The Definitive Guide to Living in the Capital , Cairo , Egypt

Music -
recommended

Cairo 360’s Ten Most Iconic Music Videos of All Time

Cairo 360’s Ten Most Iconic Music Videos of All Time
    written by
    Aleksandra Sekinger

    1. Subterranean Homesick Blues (1965, Bob
    Dylan)
    Bob Dylan’s
    legendary ‘Subterranean Homesick Blues‘ promotional music clip– the precursor to
    the modern music video – is probably one of the least expensive and most
    influential music videos of all time. A poster child of the mid-1960s youth, a
    long-faced Dylan holds up cue cards of the song’s lyrics filled with
    subliminal errors, jokes and innuendos. The film clip and its concept have been popularly imitated or
    inspired by a number of artists including Anti-Flag and Belle & Sebastian.

    2. Strawberry Fields Forever (1967, The
    Beatles)
    Like many artists in the mid-60s, The Beatles began making promotional music
    clips. However, ’Strawberry Fields Forever‘ revolutionised the business
    in 1967 by including several cinematographic techniques from avant-garde films of the time,
    including colour filtering, fade out, slow motion and unusual camera angles. Using
    these effects, portraits of each Beatle’s face are layered over a shot of
    the group singing around a piano in the field. John Lennon successfully hops up
    on a tree branch from the ground and at the song’s climax, the colours become
    reversed for that one-of-a-kind groovy feeling.

    3. Video Killed the Radio Star (1979, The
    Buggles)
    One of the
    most significant music videos in the history of music will forever be ‘Video
    Killed the Radio Star’. In the futuristic style of the late 1970s, footage of the band
    performing is mixed with shots of radios blowing up. Children shif
    their attention towards talking screens, signaling the end of the radio
    generation. Appropriately titled and performed, ‘Video Killed the Radio Star’ was
    the very first music video to shown on MTV when it aired on August 1, 1981.

    4. Thriller (1983, Michael Jackson) Although
    it’s more like a short film at just under 14 minutes, ‘Thriller’ has had a
    tremendous affect on international pop culture. It was one of the first music
    videos to combine filmmaking and music, and it is often cited as the greatest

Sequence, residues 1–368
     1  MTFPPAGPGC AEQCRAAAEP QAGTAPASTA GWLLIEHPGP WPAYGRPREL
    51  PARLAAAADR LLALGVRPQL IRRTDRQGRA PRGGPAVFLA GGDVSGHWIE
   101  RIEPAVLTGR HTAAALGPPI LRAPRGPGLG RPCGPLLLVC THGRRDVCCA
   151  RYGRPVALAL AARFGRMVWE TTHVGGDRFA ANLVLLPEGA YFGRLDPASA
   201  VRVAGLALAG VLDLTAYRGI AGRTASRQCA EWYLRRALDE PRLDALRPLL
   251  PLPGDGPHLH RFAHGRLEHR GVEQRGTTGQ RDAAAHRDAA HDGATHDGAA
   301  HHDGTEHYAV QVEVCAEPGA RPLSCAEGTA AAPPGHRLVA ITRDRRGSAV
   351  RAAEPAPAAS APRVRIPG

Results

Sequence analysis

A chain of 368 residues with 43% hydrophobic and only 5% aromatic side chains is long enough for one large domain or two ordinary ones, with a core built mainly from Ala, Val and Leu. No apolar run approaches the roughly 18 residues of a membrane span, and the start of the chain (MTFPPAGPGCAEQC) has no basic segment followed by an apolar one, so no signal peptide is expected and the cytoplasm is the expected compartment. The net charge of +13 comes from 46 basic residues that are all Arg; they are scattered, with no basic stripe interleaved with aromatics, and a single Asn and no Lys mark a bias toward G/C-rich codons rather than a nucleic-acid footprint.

music video ever made. Michael Jackson’s red jacket, zombie face and smooth moves
    have produced more spoofs, remakes and parodies than perhaps any other music
    video persona ever. Even people who have never seen ‘Thriller’ can recognize
    the moves from dance parties, films and an endless list of pop culture
    references.

    5. Vogue (1990, Madonna) After
    releasing music videos like ‘Material Girl’ and ‘Like a Virgin,’ Madonna came
    out with the video that launched her into official pop icon status: ‘Vogue.’ Completely
    filmed in black and white, the video emulates the old Hollywood look with a 1990s Art Deco spin. Many of
    the scenes are recreations of photographs of old Hollywood
    vixens. Madonna proved that even underneath the million bangles, pounds of
    makeup and lace, there was an elegant, sensual and confident core to her.

    6. November Rain (1992, Guns N’ Roses) The iconic
    narrative of ‘November Rain’ made this music video a favourite throughout the
    90s. Not only did it win Best Cinematography at the MTV Video Music Awards,
    but it was # 1 on the MTV’s list of top 100 videos of that year. The video
    features Axl and then-girlfriend Stephanie Seymour getting married with
    alternating shots of Guns N’ Roses in a live performance. The nostalgic visuals
    of the big hair, Seymour ’s
    sexy wedding dress and Slash playing his solo are a picture frozen in time of
    Guns N’ Roses at their peak.

    7. Buddy Holly (1995, Weezer) ‘Buddy
    Holly’ is arguably music video director legend Spike Jonze’s most iconic video
    to date. Shot at the original Arnold ’s Drive-In diner
    from the popular 70s show Happy Days , the video cuts between shots of Weezer
    performing live with parts of the old-school show. During the climax, a stunt
    man shows Fonzie dancing to the band’s performance. That year, the video went
    on to win four awards at the 1995 MTV Video Music Awards, including Best
    Breakthrough Video and Best Alternative Video.

    8. Just (1995, Radiohead) Radiohead
    has long set up a legacy of great music videos, but who could stop talking
    about ‘Just’ when it came out? Everyone wanted to know what on earth that man stubbornly
    lying on the pavement mumbled during the song’s climax– the thing that made
    everyone else in the curious crowd lie down too. Radiohead still has yet to
    reveal what the man said, although endless personal theories have developed over the years.

    9. A Million Ways to Be Cruel (2005, Ok Go) It was Ok
    Go’s irresistibly adorable homemade music video shot in their backyard that
    single-handedly rocketed this band to fame. The silly but oh-so-slick moves of
    the four members were choreographed by the lead singer’s sister, and made
    viewers’ hearts melt. Within a few months, the video became the most downloaded
    music video ever, leading to a series of live performances of the choreographed
    show.

    10. Single Ladies (2009, Beyoncé) When Beyoncé’s
    ‘Single Ladies’ music videos hit airwaves, you would have had to be under a
    rock in the middle of nowhere not see it or one of its many spoofs. The video
    is simply Beyonc
    é and two backup dancers in black leotards with incredibly sexy dance
    moves that were popularly parodied by Justin Timberlake on Saturday Night Live and sparked flash mob dances all over Europe. The video won Best Choreography and Video of the Year at the 2009 MTV Video Music
    Awards.

    recommended